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The Twin Counties are struggling with two problems that are frustratingly resistant to solutions. One is the seemingly bottomless supply of heroin and other opioids flowing into the area. The second is the surging number of fatal overdoses taking a horrible toll in the area.

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The Twin Counties are struggling with two problems that are frustratingly resistant to solutions. One is the seemingly bottomless supply of heroin and other opioids flowing into the area. The second is the surging number of fatal overdoses taking a horrible toll in the area.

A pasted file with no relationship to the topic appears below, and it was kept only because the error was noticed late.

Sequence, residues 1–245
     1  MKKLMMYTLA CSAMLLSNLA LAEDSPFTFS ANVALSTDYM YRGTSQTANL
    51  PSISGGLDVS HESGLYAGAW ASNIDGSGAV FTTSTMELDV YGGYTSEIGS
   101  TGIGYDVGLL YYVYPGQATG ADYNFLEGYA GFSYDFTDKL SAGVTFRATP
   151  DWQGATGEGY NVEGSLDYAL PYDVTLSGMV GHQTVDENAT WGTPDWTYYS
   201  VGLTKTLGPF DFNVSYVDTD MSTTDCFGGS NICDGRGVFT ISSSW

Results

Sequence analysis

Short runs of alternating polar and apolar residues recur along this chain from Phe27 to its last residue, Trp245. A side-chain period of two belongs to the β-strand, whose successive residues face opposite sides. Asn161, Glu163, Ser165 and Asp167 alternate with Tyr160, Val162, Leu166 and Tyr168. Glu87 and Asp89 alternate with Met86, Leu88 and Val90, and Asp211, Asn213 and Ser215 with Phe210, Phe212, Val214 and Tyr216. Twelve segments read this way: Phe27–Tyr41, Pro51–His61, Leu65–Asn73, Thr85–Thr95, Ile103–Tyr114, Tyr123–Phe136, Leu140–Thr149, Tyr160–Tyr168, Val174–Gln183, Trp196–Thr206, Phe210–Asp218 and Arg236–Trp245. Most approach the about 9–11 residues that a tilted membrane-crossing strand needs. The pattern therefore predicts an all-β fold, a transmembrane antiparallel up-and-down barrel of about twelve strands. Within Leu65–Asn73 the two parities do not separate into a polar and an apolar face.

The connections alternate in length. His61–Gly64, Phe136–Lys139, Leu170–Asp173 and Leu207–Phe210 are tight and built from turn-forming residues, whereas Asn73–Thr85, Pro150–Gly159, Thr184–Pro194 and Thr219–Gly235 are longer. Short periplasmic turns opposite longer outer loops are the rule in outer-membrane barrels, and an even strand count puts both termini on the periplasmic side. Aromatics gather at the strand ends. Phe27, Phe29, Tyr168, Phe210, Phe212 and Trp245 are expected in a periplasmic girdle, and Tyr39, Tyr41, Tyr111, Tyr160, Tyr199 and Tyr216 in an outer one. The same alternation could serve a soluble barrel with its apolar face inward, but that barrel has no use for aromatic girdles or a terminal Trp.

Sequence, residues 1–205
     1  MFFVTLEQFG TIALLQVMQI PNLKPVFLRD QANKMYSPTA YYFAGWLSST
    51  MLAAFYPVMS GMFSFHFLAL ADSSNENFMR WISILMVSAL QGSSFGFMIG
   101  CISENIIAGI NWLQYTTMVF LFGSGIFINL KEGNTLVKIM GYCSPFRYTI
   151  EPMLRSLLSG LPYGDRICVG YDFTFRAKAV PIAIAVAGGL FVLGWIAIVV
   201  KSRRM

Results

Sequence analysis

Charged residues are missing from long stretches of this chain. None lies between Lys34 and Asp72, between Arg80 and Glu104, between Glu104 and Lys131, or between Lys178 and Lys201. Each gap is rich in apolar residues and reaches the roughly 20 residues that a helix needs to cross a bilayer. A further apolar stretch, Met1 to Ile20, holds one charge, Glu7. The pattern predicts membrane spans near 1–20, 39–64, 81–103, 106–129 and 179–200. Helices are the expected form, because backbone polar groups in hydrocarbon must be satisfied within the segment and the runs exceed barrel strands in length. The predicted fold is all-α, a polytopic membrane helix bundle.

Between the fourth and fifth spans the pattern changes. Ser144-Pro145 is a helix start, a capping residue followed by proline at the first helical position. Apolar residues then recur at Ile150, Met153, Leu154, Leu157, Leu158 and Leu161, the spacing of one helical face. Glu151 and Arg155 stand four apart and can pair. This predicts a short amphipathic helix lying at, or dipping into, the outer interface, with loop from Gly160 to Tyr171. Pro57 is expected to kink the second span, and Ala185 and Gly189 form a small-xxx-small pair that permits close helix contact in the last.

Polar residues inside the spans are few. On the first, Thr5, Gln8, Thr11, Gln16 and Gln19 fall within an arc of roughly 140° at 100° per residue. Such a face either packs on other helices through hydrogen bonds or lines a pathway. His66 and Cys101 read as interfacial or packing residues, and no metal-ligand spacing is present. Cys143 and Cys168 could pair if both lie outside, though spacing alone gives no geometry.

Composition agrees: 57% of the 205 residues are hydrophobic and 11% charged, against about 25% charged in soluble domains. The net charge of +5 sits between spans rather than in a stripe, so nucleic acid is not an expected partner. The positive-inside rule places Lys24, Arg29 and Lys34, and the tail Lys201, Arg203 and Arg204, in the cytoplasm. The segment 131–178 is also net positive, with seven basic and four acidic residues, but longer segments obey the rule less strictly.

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When it comes to adoption, we tend to think of poor, rejected babies from Asia or Russia and Eastern Europe — and the United States. But famous people are adopted, too, and some of the names might surprise you. President Bill Clinton, John Lennon, Nelson Mandela, Malcolm X, Jack Nicholson an…

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Maybe Chris Gibson could teach Congress a thing or two about leadership and getting things done. Gibson took himself out of the political arena about a year ago to fill a teaching post at Williams College in Massachusetts. Things have changed a lot in Washington. A whole lot.

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Joining a lawsuit with 10 other counties in the region accusing eight big pharmaceutical companies and four physicians of propagating the opioid epidemic with false advertising sounds like the correct prescription for Greene and Columbia counties.